Nevertheless, the SEC is proposing to eliminate, reduce, and otherwise undermine the utility of disclosures by public companies. Recently, for example, the agency proposed “modernizing” Regulation S-K, ostensibly to reflect the fact that capital markets and the economy have both changed in the more than 30 years since adoption.[48] However, the focus of the proposal is to move disclosure away from detailed, objective, and comparable standards to ambiguous, amorphous, less comparable “principles.”

As various experts,[49] including Commissioners Robert Jackson and Allison Lee[50] have noted, a more principles-based approach to disclosures gives companies more discretion over what kind of information they share with investors. This would reduce the quality and comparability of information disclosed. Moreover, we note that a lack of specific disclosure requirements will mean that industry practices may diverge over time. This would leave the Commission in a position of either not enforcing intended disclosure requirements or being subject to accusations that it is pursuing regulation by enforcement.[51] Just as significantly, private investors that have been the victim of fraud will be in a far weakened position in protecting their own property rights.[52] Capital markets and broader economic efficiency will be negatively impacted by the inability of market participants to effectively distinguish between quality corporate leadership and poor management strategies.[53]

The materiality standard is too often misunderstood and misapplied. Too many securities professionals forget that the legal lodestone is whether information is material to investors, and not how executives of the company might perceive it impacts the company’s finances.[54] Although the addition of “human capital” as one of the topics to be disclosed is one of the few bright spots in the SEC’s recent agenda,[55] the proposed rule[56] fails to include information around climate change as a required topic for disclosure. This failure is glaring given how many investors now view climate change as a critically important factor in making decisions—a point made by thousands of comments to the Commission over the years, and with distinct clarity by Commissioner Lee in recent months.[57]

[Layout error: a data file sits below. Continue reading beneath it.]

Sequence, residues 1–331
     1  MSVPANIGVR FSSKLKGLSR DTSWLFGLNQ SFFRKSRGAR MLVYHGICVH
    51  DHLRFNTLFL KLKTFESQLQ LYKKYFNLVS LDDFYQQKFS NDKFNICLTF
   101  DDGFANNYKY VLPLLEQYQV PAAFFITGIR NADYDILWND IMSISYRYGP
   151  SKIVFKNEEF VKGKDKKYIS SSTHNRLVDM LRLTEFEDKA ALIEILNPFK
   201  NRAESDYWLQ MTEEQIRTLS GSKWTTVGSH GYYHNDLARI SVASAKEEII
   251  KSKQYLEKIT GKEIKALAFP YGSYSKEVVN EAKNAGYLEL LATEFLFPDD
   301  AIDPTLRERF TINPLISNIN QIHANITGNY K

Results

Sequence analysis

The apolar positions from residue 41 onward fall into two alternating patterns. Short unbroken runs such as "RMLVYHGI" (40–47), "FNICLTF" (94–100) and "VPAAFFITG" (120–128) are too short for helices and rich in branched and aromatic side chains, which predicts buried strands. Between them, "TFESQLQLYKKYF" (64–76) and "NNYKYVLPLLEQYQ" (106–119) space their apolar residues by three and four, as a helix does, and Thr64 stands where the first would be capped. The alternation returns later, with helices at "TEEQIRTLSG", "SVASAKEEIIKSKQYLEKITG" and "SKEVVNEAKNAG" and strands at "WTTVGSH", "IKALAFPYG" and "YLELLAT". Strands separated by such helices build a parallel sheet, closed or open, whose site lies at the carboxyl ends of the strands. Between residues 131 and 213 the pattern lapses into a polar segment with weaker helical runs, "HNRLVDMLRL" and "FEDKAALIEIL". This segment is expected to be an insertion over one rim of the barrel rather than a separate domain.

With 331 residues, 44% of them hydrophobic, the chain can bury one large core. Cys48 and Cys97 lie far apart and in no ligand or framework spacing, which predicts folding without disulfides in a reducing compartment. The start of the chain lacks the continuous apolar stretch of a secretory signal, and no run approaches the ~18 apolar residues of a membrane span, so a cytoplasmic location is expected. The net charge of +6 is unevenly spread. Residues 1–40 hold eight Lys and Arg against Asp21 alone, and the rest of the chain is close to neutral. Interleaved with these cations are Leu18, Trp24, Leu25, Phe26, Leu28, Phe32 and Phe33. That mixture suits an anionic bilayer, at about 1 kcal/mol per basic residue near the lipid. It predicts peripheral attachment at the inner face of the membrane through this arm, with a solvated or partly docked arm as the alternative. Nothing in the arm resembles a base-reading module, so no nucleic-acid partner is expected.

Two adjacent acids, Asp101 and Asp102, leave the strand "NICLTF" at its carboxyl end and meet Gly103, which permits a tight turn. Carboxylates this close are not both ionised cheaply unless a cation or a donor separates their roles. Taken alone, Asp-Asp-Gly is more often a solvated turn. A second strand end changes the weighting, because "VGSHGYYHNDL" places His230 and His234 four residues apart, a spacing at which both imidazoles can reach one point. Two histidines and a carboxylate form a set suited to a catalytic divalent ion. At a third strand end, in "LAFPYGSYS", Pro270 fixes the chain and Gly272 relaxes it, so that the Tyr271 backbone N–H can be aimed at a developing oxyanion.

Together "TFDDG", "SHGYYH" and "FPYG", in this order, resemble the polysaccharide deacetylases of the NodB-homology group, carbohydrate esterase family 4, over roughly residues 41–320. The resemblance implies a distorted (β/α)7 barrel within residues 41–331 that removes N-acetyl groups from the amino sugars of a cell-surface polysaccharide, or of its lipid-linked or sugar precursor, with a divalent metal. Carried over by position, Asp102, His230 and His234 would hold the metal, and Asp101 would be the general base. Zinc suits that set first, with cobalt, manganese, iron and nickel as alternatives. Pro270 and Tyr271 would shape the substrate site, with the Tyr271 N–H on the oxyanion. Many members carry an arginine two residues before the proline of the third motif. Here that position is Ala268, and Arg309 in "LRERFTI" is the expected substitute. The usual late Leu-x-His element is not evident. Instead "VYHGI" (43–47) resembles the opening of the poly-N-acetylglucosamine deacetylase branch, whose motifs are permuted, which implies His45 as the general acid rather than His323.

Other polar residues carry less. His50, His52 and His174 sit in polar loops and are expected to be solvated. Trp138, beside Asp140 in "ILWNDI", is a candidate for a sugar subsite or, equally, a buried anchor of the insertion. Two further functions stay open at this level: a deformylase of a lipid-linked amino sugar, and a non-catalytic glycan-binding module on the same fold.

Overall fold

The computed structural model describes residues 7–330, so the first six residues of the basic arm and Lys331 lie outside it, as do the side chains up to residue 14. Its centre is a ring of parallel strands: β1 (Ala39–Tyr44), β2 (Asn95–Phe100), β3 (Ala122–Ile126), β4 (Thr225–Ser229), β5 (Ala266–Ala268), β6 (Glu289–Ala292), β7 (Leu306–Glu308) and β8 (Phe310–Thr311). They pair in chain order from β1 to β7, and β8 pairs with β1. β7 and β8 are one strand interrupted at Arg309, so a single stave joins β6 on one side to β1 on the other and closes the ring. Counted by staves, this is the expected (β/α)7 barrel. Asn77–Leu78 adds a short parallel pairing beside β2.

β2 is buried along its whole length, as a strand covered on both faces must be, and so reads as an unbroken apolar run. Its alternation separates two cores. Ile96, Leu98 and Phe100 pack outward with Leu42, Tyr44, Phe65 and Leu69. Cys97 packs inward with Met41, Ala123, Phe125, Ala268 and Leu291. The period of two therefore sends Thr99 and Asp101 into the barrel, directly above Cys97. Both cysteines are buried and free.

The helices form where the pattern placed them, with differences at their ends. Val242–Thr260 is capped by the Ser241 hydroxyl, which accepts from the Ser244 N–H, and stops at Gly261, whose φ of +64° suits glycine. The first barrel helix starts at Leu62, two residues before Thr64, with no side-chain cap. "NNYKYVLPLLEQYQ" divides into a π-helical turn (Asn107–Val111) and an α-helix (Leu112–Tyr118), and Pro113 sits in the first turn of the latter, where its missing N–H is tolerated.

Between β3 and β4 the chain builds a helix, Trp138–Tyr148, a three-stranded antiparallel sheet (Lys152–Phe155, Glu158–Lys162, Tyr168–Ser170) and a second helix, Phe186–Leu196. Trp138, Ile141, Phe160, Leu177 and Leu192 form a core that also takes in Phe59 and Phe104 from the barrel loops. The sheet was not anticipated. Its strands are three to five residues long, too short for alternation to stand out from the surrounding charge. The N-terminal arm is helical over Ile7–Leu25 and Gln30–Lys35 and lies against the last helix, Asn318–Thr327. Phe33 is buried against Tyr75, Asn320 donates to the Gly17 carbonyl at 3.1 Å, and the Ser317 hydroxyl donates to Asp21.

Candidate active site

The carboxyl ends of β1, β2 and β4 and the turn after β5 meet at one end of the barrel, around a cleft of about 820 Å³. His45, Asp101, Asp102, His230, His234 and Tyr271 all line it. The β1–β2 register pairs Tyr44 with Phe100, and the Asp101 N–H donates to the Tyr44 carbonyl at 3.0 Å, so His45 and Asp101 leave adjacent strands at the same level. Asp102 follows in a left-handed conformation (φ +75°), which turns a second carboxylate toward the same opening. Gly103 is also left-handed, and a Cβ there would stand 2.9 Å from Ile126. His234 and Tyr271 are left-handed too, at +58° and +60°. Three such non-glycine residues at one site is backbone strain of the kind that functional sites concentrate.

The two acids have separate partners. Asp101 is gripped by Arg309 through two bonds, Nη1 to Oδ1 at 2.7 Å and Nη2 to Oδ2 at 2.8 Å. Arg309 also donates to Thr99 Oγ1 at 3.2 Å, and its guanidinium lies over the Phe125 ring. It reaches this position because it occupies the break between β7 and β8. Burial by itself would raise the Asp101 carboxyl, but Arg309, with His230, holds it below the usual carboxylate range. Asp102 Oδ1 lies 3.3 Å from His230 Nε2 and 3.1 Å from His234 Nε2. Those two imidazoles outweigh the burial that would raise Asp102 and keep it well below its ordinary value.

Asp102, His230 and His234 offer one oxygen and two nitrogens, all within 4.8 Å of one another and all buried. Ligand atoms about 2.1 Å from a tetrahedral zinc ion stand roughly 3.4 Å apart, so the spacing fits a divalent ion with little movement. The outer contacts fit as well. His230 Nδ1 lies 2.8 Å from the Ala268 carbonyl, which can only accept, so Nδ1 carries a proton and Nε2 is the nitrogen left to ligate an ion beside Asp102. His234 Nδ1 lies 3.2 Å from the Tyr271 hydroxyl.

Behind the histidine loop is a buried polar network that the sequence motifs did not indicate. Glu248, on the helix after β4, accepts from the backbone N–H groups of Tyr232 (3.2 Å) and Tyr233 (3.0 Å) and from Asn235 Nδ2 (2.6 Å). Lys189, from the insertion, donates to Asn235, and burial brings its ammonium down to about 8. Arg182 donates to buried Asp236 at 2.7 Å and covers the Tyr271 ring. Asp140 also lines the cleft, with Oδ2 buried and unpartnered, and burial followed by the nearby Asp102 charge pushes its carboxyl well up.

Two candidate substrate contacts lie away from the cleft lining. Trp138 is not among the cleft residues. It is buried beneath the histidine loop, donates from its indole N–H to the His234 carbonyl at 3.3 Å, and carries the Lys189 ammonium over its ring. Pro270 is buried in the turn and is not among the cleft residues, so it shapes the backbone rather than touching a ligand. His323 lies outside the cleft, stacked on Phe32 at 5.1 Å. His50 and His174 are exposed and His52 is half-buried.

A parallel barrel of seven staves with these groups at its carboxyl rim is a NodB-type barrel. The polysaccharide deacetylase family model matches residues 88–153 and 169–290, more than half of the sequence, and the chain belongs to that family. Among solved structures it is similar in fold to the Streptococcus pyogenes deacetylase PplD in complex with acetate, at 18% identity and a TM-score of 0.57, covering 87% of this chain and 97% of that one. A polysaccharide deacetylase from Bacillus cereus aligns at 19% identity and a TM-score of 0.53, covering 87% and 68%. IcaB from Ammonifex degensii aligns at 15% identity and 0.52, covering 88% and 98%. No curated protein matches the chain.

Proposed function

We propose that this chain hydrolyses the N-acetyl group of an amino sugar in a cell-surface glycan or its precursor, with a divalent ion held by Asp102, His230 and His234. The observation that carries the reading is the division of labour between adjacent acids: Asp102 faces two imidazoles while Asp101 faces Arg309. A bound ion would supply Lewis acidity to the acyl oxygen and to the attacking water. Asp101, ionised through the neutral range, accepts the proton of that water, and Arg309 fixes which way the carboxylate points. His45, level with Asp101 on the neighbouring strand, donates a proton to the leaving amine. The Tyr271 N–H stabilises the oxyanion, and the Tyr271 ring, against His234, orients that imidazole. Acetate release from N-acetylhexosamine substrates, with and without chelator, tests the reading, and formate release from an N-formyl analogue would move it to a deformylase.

The Commission’s proposed changes to the management discussion and analysis section of corporate disclosure exhibit a similar thrust towards reducing disclosure content, comparability, and utility.[58] As the CFA Institute and Council of Institutional Investors point out, these proposals shift the burden from companies to investors in terms of collecting and providing useful information.[59]

The Commission’s recent reduction in disclosure on mergers and acquisitions (M&A) transactions exhibit the same flaws.[60] In the face of high levels of M&A activity in the markets in recent years, [61] this misguided final rule reduces transparency, including by lowering the necessary financial statements from three years to two. The current economic crisis is likely to lead to more M&A activity, including in high risk situations of rising insolvencies and in the context of extraordinary Federal support for targets and acquirers.[62] In the face of a declining number of public companies,[63] the SEC should be expanding the ability for investors, other stakeholders, and the public to carefully scrutinize the wisdom of mergers and reject those that will harm investors, raise consumer prices, and undermine robust competition.

The Commission’s proposal to weaken transparency around extractive industries practices is another example of its deregulatory agenda facilitating concentration and abuse by decreasing transparency.[64] It is also out of step with international disclosure standards and the needs of investors and stakeholders for robust anti-corruption protections.[65]